Times of global difficulties can lead to change. As we continue to navigate uncertain times, reshaping our systems to be resilient to future shocks is imperative.
Covid-19 held a magnifying glass to the global economy’s flaws—flaws that have long been clear, but that society continued to press the snooze button on. For the first time ever, the amount of material consumed by our global economy also surpassed 100 billion metric tons, of which only 8.6% is being cycled back into the economy.
Interdependent global supply chains, material extraction occurring at a faster rate than regeneration and an economic model focused on delivering profits and infinite growth at the expense of stability and resilience have been the hallmark of the ‘take-make-waste’ tradition. The pandemic only served to pull the curtains on these flaws.
Covid-19 has created a space on the global stage for the concept of ‘building back better’. This is an opportunity we must not fail to take.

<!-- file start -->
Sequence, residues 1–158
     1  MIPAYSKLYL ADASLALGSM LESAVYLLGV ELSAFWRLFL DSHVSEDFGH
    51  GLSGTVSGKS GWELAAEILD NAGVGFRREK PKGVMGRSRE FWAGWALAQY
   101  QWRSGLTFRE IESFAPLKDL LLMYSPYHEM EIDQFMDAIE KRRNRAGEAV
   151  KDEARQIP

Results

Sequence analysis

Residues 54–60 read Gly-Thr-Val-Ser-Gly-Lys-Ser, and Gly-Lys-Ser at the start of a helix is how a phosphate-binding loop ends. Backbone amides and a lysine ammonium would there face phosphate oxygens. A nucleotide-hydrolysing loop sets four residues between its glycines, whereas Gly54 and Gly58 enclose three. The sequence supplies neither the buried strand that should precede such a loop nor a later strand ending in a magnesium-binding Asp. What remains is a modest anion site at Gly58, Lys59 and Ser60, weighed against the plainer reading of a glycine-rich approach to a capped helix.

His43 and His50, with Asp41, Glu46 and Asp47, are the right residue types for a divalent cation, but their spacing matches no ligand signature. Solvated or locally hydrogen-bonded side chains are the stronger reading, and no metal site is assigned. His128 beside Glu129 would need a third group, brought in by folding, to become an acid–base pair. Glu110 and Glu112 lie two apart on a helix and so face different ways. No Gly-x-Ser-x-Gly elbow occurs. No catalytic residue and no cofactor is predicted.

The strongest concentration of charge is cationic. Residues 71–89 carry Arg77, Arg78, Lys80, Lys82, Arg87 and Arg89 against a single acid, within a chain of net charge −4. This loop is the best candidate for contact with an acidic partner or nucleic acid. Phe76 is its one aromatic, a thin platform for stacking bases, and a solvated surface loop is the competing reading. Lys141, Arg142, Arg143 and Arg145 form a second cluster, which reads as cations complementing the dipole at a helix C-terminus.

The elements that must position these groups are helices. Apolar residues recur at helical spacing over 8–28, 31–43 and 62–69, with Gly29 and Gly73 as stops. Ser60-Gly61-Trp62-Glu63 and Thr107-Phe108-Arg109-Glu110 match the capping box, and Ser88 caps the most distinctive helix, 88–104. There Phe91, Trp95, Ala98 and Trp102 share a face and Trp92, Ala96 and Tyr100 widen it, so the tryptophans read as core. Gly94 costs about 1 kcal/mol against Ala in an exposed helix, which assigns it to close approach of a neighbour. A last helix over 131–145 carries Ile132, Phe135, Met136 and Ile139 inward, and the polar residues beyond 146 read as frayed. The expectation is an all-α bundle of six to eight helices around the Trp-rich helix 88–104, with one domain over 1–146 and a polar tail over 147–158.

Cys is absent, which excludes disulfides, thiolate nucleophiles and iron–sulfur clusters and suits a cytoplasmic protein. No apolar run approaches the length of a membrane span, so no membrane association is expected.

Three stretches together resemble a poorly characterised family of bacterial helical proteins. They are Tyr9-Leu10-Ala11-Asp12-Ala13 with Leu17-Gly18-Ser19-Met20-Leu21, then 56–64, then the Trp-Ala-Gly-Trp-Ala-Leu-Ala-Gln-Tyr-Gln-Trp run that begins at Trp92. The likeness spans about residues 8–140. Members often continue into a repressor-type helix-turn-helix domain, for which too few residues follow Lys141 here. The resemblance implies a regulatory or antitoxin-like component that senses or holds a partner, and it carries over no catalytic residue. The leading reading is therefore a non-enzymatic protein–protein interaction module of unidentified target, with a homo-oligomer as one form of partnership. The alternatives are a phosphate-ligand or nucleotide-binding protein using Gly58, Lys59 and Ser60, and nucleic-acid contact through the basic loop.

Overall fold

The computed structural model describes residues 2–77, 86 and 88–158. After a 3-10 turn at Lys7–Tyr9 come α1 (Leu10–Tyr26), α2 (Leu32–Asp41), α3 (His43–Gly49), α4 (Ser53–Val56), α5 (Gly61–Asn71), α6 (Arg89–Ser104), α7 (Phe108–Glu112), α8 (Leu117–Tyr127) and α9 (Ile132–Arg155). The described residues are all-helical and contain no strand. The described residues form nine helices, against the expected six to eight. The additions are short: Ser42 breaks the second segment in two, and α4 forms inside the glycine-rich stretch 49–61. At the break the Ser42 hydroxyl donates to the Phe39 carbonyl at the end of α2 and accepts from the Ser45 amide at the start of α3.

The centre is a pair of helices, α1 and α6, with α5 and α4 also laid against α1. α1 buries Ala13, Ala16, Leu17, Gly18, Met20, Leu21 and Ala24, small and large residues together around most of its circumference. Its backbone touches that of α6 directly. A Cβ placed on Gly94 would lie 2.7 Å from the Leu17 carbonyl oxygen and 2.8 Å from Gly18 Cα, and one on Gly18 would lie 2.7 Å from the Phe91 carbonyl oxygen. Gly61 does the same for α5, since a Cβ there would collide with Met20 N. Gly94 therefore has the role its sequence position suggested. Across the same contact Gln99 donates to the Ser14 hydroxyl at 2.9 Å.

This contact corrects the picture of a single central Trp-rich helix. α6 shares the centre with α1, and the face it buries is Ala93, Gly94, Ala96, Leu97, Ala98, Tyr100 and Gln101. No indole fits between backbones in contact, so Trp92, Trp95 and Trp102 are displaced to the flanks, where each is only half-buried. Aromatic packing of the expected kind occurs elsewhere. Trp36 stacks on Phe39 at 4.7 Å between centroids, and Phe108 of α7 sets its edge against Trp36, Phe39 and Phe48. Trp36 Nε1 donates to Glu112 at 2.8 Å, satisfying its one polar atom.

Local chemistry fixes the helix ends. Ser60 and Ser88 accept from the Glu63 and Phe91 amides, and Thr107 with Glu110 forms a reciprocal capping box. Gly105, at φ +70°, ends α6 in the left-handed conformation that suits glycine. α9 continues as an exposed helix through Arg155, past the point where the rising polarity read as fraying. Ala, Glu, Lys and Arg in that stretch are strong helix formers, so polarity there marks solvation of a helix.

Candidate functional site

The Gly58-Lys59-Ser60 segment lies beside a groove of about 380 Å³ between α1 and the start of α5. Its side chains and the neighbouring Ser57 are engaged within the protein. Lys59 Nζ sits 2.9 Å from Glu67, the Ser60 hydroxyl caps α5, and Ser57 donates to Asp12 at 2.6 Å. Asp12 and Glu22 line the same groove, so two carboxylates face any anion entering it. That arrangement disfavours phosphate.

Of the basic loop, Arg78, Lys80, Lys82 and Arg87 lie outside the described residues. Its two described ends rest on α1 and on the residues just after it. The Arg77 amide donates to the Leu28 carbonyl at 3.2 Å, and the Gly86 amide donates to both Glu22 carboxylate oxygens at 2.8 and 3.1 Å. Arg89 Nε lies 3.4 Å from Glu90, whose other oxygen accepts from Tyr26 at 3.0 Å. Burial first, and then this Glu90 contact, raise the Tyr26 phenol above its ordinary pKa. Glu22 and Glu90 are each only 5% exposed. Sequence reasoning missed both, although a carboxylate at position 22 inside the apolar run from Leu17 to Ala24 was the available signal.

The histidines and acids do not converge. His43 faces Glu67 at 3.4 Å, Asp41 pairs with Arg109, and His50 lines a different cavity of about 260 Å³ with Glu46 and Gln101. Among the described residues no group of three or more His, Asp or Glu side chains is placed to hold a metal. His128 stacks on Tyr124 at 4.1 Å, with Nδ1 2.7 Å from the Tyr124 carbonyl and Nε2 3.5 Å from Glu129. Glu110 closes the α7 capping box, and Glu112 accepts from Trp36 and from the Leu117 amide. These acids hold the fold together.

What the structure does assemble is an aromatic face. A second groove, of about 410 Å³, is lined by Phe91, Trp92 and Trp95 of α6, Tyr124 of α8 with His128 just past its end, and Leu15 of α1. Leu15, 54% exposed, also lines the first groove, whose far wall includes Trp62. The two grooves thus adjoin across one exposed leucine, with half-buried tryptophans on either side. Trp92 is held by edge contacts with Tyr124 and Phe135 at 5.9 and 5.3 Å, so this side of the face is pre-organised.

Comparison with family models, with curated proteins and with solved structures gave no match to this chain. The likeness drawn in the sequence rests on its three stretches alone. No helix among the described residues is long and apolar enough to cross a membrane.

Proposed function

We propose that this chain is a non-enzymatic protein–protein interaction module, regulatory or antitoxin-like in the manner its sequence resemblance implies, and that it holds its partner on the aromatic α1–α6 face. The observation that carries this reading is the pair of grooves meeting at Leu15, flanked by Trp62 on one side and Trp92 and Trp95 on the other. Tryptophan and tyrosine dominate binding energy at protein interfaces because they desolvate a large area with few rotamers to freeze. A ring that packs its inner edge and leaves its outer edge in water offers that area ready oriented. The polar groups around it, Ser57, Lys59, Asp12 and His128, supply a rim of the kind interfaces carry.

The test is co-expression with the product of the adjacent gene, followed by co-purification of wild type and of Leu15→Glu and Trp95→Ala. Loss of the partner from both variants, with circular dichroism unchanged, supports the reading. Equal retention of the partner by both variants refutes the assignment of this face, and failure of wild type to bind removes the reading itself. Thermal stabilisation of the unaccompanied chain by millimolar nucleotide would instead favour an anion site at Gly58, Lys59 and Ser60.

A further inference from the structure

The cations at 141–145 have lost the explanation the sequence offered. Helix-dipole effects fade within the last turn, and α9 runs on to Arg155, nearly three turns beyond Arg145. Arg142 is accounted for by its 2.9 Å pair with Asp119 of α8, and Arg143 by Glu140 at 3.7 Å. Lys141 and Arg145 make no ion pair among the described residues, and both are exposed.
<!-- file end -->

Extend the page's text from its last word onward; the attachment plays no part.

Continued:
'Build back better' concept often couples the need to increase the resilience of our systems with the circular economy.
Two circular economy practices, in particular, build resilience. First, the use of secondary and renewable resources boosts resilience by increasing the diversity of feedstock available to industry. Second, decentralized value chains — a growing trend in circular economy developments — are less vulnerable to global shocks and support localized, and therefore swift, decision making.
A circular economy allows us to collectively reimagine and redesign systems to ensure an ecologically safe and socially just space for us all. The circular economy now has the opportunity and duty to further incorporate equality and resilience into this model.
How? We need to reintegrate with nature and the commons. Every time we speak about the circular economy, we are essentially calling for emulation of nature and in the natural world waste does not exist. Our industrial systems can mirror ecosystems, an ever more important concept as raw material scarcity increases. Equal access to and preservation of the commons such as air and water is also core to this.
We need to balance the local and the global. As ‘normality’ resumes, we may see a persevering notion of ‘glocalization’ that is adapted to the local but with a globally cooperative ethic.
Only time can tell what the future holds, but as we look forward to a post-Covid-19 world, it’s important to take stock of our past.
Please note that many of the ideas expressed in this article are inspired by previous articles written by Circle Economy colleagues.